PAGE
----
Aaron Sorkin directs Sacha Baron Cohen, Mark Rylance and Joseph Gordon-Levitt in this dramatic recreation of a Sixties civil rights landmark case where political activists where put of trial for the violence their protest ended in.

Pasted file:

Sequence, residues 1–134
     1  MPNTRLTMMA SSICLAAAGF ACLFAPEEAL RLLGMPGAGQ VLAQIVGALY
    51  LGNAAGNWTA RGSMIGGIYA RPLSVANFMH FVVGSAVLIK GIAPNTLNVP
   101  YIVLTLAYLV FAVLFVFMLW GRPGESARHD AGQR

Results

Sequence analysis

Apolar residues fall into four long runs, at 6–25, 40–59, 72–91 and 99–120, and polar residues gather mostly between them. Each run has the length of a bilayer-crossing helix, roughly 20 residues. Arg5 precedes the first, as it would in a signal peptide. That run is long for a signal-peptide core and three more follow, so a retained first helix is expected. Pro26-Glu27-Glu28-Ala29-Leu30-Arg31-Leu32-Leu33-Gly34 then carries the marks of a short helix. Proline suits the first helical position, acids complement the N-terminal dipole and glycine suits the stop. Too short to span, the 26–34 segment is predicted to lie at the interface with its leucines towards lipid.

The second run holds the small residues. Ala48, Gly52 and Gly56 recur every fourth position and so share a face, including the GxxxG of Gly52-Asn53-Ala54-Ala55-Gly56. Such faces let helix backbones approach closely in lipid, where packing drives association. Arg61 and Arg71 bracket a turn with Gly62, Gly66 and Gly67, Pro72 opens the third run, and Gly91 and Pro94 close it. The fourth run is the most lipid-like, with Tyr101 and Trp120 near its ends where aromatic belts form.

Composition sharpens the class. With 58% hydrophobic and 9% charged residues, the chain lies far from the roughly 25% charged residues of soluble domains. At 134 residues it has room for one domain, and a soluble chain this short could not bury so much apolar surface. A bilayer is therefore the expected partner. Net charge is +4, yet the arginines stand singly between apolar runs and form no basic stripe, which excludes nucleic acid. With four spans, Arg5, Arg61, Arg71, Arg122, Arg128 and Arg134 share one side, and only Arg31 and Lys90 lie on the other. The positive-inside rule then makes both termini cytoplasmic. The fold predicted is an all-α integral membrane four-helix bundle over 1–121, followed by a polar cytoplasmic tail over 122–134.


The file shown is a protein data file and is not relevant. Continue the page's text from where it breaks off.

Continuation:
A pageant of well attuned casting and smart dialogue this should be a backboard shattering slam dunk. Sorkin, in his political and courtroom wheelhouse, letting illuminated, impassioned people monologue, dialogue and make statements. It never really thickens though. Scene after scene pass out abruptly never finding their ultimate point. The fine work by the leads is usurped by showier one or two scene roles from Michael Keaton and John Doman. Frank Langella’s dangerously combative judge all but dominates the movie. You walk away knowing you have seen an intelligent film but not entirely sure why you were supposed to care. The Bobby Seale narrative feels like the more Hollywood friendly tale to tell but here it is a garnish to the white nerds of history. Very watchable but somehow not worthy of the pedigree of those involved.
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